It's Mokie's Blog

03 May 2022

The U.S. Trade Dollars 4 Ways

| It's Mokie

When we think of the U.S. Trade Dollar thoughts immediately go to the Far East China trade and the important roll the Trade Dollar had in advancing American economic and political interests in the region. The first Trade Dollar was produced in 1873 and after a short run, she disappeared from regular production in1878. Of course, proof production continued until 1885 but you will not be seeing a proof as one of the 4 ways today.

So, what prompted the Trade Dollar? As many of you are aware, 19th century China was an extremely poor country dominated by various European countries. The U.S. needed to assert their Right to some of the Chinese spoils as well. However, the Morgan Dollar (412 grains, .900 silver) was not going to cut it as The Chinese merchants only wanted the Mexican 8 Reales or its silver equivalent in exchange for goods. The French, the British, the Japanese, had their Trade Dollars made to that 8 Reales Standard (420 grains, .900 Silver) so the U.S. followed suit and minted the Trade Dollar to that standard.

The first example is probably the most well known of the Trade Dollar examples. It is my Trade Dollar covered in Chinese chop marks. The chop marks were placed on virtually all Trade coins, Spanish, Mexican, British, French, Japanese, and U.S. that circulated in China. The purpose of the Chopmarks was threefold. 1. To ensure the silver coin was genuine and of the proper fineness, 2. To place a mark upon the coin signifying it has passed muster, and 3. to maybe collect a small sliver of silver from each coin adding up to extra profits over time. My 1874-S example is heavily chopped but still retains great beauty.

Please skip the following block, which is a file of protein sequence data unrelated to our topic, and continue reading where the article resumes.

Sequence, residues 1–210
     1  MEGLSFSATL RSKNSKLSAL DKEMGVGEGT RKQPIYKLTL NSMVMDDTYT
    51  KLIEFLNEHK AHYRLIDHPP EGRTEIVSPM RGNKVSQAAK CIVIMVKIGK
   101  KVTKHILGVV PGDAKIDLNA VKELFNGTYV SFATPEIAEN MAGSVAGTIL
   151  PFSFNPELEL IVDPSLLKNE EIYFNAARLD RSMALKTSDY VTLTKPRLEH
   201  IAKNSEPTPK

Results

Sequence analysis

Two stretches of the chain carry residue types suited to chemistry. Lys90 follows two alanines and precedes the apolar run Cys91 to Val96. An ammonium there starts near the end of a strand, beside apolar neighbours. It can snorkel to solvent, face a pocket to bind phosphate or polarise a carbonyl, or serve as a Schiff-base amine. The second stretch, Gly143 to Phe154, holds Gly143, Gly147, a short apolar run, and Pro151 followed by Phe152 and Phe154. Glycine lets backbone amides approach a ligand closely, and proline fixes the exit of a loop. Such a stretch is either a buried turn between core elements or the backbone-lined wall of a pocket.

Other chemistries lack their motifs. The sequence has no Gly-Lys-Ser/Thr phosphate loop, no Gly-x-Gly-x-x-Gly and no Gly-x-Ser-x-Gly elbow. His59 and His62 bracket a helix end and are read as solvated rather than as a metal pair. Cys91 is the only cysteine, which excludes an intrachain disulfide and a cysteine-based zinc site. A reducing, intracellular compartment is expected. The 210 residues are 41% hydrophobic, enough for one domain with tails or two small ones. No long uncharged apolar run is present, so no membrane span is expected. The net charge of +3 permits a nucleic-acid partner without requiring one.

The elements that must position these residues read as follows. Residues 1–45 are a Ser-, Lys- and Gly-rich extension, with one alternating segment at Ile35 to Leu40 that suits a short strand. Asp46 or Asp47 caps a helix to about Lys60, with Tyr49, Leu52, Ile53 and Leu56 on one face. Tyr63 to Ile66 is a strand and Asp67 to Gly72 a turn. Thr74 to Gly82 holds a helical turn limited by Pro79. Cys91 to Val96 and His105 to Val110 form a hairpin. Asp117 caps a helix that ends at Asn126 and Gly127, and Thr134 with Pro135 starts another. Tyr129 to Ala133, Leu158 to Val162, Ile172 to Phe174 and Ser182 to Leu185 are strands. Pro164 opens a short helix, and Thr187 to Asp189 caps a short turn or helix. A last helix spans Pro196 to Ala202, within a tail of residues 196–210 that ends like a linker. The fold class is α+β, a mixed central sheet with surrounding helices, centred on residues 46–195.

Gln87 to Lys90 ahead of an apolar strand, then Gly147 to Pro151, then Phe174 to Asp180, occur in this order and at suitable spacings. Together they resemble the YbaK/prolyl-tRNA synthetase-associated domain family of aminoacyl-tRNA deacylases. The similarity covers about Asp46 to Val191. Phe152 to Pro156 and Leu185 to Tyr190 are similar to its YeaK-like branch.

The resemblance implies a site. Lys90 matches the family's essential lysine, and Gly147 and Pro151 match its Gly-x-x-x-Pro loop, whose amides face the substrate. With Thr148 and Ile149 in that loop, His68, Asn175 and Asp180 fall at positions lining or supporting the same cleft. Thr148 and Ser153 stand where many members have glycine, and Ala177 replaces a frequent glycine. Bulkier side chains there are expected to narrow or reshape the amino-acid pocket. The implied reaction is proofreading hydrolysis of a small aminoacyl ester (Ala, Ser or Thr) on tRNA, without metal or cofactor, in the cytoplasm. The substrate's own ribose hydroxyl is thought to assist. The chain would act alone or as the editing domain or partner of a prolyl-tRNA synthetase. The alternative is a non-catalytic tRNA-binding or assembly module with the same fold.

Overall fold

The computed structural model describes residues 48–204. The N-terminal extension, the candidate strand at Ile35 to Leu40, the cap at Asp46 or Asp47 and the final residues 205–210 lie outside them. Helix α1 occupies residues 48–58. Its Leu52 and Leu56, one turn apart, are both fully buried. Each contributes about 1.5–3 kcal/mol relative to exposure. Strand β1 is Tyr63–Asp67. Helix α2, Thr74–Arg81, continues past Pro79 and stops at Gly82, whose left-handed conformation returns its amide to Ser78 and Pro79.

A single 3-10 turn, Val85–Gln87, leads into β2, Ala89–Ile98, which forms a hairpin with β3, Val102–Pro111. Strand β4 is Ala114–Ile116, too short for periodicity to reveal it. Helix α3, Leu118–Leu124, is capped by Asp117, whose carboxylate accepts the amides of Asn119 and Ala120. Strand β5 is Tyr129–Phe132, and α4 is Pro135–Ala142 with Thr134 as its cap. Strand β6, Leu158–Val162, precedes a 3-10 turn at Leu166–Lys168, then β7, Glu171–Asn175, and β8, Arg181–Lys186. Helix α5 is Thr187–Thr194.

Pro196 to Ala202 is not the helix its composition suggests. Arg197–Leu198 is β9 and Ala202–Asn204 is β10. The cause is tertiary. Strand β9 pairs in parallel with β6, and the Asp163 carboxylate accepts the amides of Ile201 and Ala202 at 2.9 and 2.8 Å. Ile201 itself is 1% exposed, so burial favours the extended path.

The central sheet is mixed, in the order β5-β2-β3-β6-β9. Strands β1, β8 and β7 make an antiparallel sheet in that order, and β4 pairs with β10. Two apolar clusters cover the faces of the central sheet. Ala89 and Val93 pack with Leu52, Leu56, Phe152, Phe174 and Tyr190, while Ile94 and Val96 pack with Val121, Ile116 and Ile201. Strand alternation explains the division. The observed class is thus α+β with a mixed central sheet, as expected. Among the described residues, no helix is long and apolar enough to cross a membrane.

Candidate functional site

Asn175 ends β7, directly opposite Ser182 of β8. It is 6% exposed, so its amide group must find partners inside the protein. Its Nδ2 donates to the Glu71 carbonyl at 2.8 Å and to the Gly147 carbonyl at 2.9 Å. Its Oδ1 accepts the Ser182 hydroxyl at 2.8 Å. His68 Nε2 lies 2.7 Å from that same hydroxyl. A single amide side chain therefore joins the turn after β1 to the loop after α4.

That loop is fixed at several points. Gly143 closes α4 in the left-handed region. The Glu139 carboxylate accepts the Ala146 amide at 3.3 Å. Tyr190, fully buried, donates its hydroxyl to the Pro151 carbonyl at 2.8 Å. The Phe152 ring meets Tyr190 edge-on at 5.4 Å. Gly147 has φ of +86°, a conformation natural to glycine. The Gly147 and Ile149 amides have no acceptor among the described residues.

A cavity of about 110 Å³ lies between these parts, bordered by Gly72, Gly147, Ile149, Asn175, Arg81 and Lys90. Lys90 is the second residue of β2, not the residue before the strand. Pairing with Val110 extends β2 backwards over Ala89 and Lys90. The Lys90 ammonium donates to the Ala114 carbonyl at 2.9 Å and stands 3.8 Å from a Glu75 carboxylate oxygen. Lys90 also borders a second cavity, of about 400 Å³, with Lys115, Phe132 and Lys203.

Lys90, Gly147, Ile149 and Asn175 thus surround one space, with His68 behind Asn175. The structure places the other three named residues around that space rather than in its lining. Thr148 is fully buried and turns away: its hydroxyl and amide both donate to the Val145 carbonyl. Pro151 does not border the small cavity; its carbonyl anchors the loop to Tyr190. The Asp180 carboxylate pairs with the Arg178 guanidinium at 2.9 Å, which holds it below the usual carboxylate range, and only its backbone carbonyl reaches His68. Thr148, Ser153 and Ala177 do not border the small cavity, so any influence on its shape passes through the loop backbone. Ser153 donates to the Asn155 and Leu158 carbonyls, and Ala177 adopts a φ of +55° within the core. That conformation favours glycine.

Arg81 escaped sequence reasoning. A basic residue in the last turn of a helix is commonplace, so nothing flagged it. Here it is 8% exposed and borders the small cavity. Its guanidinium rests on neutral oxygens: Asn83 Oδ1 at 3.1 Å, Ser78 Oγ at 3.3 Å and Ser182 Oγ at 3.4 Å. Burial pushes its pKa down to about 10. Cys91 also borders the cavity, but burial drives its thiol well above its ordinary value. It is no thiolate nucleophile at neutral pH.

The second example is the Potty Trade Dollar. Using engraving methods, both skilled and not, like those used for Love Tokens and later Hobo Nickels, the Potty Trade Dollar was engraved to make it appear Ms. Liberty is sitting on a privy and possibly bare breasted. My 1878-S example is a little crude but provides just the right amount of titillation to those late 19th century fops.

The third example is The Box or Opium Dollar. In this Trade Dollars were cut in half and turned into expertly hinged containers where you could have a picture of your Sweetie or maybe a touch of opium to pass the day. I have two examples of this type of Trade Dollar and I still marvel at the way the hinge allows the dollar to close almost perfectly. My 1878-P does not appear to have any remaining contraband, I checked.

The final example is your common day to day, kind of boring Trade Dollar that may have never even made it to China. They were legal tender in the United States for a time until silver prices increased and they were finally called in to be melted toward the end of their run. Oddly enough, the multilated examples were not accepted by the government possibly accounting for all of those available to us today? My 1875-S is also a survivor and the most recent acquisition from earlier this year.

In My Own Words and NOT to be posted in my collections. (:


I. R. Bama

Level 5

Great information and very interesting, Moke

AC Coin$🌎

Level 6

Great blog , Nice coins


Level 6

Really great blog and photos! Trade Dollars are favorite of mine. I have one In my collection...wish I could add to it! Love "The Box"! ; )


Level 7

Very good reading and information. Remember when I found one in one of my boxes?I sent a picture of it to Sam. He wrote back nice to see a real one!! I didn't know they were making these by the thousands in China. A great coin.. I would like to get one with chop marks. Thanks for sharing your work and research. We need more of that. Thanks again!!

Long Beard

Level 5

An excellent coin for a blog topic. The only thing I would add for anyone looking to collect these, be very careful as there are many, many counterfeits. Buy a few graded so you can use them as a reference if in the raw is what you're looking for.


Level 6

I just priced the Opium Dollars. Doesn't look good for me getting one.


Level 4

Great blog! Very interesting!


Level 6

I love this series of coins. I feel the Chop Marks add to them. I have heard of all your examples but the "Opium Dollar". Thanks a lot. I hope they aren't too expensive as I need one badly and now! It's funny that you posted this today. I put one of mine up on our Toner Tuesday. Mine is an 1874 CC. I learned a lot of good stuff from you today. I appreciate that this won't be also going up in your collection. Thanks for the great photos as well.

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